“It was tough and I didn’t do it by much,” said Drossin who nearly stopped to use one of the toilets on the course.
“I needed a perfect day, and perfect conditions, and a perfect mindset, and I feel I had that today. It took absolute perfectness to dip under that record.”
Chepkemei set a personal best in fourth (2:23:12), Petrova held steady to finish fifth (2:23:14) while Dita slipped to sixth, but still ran a personal best (2:23:43). Jelena Prokopchuka broke her own Latvian national record in seventh (2:24:01) while Fernández had a rough second half, finishing 12th in 2:29:54.
Radcliffe, who stayed at least two meters behind her pacers and often ran next to them, played down their efforts as having helped in her achievement. “I don’t think it made much difference,” she concluded.
In addition to her appearance fee and private bonuses, which were not disclosed, Radcliffe earned a total of $255,000 in prize money and time bonuses.
Radcliffe will now take a three-week break before focusing on the track, and was optimistic that her marathon preparations would serve her well in that arena.
“I don’t see why it wouldn’t work out like it did last year,” she said, referring to her victories at both the European Championships and Commonwealth games.
She may not run a marathon until the Olympic Games, and possibly after them, should she decide to do the track instead of the marathon. She has said before that the Olympic Marathon –hilly, hot and in polluted air– doesn’t appeal to her.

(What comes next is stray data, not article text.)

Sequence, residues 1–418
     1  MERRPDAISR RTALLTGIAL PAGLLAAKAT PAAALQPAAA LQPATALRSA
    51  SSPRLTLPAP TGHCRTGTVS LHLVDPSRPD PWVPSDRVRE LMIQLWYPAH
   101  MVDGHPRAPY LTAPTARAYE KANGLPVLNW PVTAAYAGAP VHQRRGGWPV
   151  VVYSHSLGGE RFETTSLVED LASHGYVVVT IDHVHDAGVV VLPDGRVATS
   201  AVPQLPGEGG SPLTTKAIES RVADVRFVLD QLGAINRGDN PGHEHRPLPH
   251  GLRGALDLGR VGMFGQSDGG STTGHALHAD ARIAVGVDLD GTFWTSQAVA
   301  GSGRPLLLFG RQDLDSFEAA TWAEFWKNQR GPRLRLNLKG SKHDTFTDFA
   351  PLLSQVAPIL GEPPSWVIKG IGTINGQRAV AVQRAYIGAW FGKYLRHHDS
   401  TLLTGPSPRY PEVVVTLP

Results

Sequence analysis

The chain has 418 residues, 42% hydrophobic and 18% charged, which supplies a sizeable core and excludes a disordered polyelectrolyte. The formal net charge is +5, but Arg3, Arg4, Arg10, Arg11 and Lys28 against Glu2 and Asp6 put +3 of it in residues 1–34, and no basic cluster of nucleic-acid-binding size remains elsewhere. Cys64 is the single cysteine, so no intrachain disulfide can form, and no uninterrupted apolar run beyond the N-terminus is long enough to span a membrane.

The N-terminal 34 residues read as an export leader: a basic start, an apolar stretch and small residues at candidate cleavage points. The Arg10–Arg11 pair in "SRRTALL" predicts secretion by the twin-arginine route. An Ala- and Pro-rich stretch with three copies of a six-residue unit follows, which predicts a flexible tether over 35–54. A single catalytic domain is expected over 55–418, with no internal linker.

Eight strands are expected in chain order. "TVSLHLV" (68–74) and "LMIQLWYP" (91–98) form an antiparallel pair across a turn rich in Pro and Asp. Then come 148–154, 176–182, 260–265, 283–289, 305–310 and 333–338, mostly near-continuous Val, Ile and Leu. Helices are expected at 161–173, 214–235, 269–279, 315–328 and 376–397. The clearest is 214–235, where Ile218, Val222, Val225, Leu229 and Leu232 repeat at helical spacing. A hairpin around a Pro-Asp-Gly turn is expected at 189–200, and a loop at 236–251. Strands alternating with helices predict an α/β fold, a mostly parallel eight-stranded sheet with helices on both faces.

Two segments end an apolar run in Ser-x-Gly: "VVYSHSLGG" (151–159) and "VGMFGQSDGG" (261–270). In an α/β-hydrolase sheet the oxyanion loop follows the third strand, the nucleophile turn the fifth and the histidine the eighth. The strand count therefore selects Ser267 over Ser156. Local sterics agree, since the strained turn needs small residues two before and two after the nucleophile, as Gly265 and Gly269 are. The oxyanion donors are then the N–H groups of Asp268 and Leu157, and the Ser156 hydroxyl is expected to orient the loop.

ABERA CUTS IT CLOSE AND GETS THE WIN
Gezahegne Abera of Ethiopia won a thrilling race on the men’s side, which saw five athletes spread across the roadway dashing for home over the last 300 meters. Abera, the reigning world and Olympic champion, did not lead one step of the race until the last few meters when he narrowly outkicked both Stefano Baldini of Italy and Joseph Ngolepus of Kenya.
“I had to wait,” said Abera, who knew how strong his competitors were, including Paul Tergat and Abdelkader El Mouaziz, who finished fourth and sixth, respectively.
“It’s a very difficult for me to say when (I would go). It depends on the race. I make the decision by instinct.”
Abera’s instincts are clearly excellent. He has won six major international marathons by a total margin of just 27 seconds. Today’s victory in 2:07:56 did not add to that total because Baldini was given the same time.
Ngolepus finished one second back, with Tergat another two seconds back. Seven men finished in a span of just fourteen seconds.
While Abera got the victory it was Baldini, the 1998 European champion, who made the race. His surges in the final miles shook up the lead pack of Abera, Ngolepus, Tergat, El Mouaziz, Lee Bong-ju of Korea, and Samson Ramdhani of Tanzania.
“I tried two or three times to go away alone, but it was impossible,” said the Italian in English. “So I tried the last 100 meters.”
Baldini led the charge to the line from the center of the group and seemed to open a slight gap on Abera and Ngolepus. But the Ethiopian found another gear, coming to the front from Baldini’s left, barely getting in front of him.
“Yes, I am a bit disappointed,” said Baldini. “I was thinking about the victory in the last 30 or 40 meters. Abera was stronger. Congratulations to him.”
Abera confirmed that he would run the marathon at the World Championships in Paris next August and try to defend the crown he earned in Edmonton, where he beat Simon Biwott of Kenya by just one second.
Although he achieved at London what Haile Gebreselassie could not last year, he shrugged off any comparison to Haile or anyone else. “I am not the one to say (if I am the best in the world). My record will say.”